Funds had always been the major setback for film producers because, over the years, the general complaints filed by most investors in the Nigerian film industry is that they never get good returns for their investment. Some investors do not even get back their principal. Although, some Investors have experienced situations where producers or production companies misappropriate funds given to them, and do not deliver the project as at when due or agreed on by parties, declare irregular returns or losses to their investors, and even divert investments received for movie projects to personal use. These issues faced by investors could be mitigated if there is a finance agreement between the production company and the financier (third-party), where such investment is guaranteed by the distributor. The nuances which distinguish film financing from regular business financing is the security tied to the loan. The major security in film financing is the intellectual property rights of which the lender must ensure that the borrower possesses the rights required to create the content. The lender's Counsel must ensure the borrower has acquired all the rights concerning the said production, as such, a chain of title opinion is usually required, such as reviewing the various agreements which includes the script writers' agreements, and all the necessary rights required to ensure all right in respect to the film production were properly transferred.

This does not differ substantially from a credit facility in favour of any other business, although there are some nuances which distinguish film financing from a regular financing deal. The lender will typically take security over the borrower's present and after-acquired personal property which, importantly in this context, includes the intellectual property rights in the content.

In a way to boost Investors' confidence, mitigate risk and monitor returns on investment, a production company would be required to create a special purpose vehicle ("SPV") basically for the production and exploitation of the film. Its only asset will be the film and the sum derived from the exploitation of the film. This necessitates the importance of a film production company securing a distribution platform before sourcing for a film financier, doing so would boost investors' confidence as their return on investment is guaranteed.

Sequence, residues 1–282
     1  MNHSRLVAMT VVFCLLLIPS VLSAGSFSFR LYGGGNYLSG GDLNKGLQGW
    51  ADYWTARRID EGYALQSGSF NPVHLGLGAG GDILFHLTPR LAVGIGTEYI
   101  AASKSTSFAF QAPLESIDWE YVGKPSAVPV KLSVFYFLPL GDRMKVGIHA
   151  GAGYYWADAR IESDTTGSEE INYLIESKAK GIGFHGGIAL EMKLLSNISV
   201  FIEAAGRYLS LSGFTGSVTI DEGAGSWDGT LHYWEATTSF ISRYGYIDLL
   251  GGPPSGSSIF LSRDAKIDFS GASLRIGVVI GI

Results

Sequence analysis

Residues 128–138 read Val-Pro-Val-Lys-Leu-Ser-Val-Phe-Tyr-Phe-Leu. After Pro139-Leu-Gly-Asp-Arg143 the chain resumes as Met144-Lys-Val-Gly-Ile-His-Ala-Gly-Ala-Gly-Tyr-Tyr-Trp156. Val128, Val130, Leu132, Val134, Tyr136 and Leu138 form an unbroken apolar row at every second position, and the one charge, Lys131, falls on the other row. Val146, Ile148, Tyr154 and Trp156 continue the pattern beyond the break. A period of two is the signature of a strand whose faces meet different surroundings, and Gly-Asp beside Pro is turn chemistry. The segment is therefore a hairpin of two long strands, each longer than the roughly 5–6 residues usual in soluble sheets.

Parties involved in Simple Financing Structure are;

  1. Production Company/Company
    To produce and deliver the film by the stipulations in the presale agreement with the distributor, the Production company/Producer engages the screenplay writer, prepares the film production schedule and budget, and engages all facets of production such as the cast and crew members. The proper practice in engaging all these components of production is to enter into a written agreement with each of them, with each party's rights and duties spelt out. Examples of such agreements include Film Actor's Agreement, Film Director's Agreement, Film Crew Member's Agreement etc.
  2. A distributor
    After the Producer has successfully met with conditions stated in the presale agreement such as the delivery date and the approved screenplay starring named individuals, the distributor takes on the quality and performance risk and is expected to pay the minimum guarantee in full. Examples of Nigerian film distributors are FilmOne Distribution, Blue Pictures Film Distribution, Silverbird Film Distribution, and Genesis Deluxe Film Distribution.2
  3. A financier
    The Financier provides funds on certain terms and conditions to the Producer which enable the latter to fund the production costs and deliver the completed film to the distributor as when due. In most cases, the financier provides a loan that does not exceed the minimum guarantee. The producer and the financier enter into a loan agreement where the following or more terms and conditions are expressly stated;
    1. The Producer has all the rights to produce and exploit the film, has engaged all other components of film production and has an assignment of rights and waiver from each of them.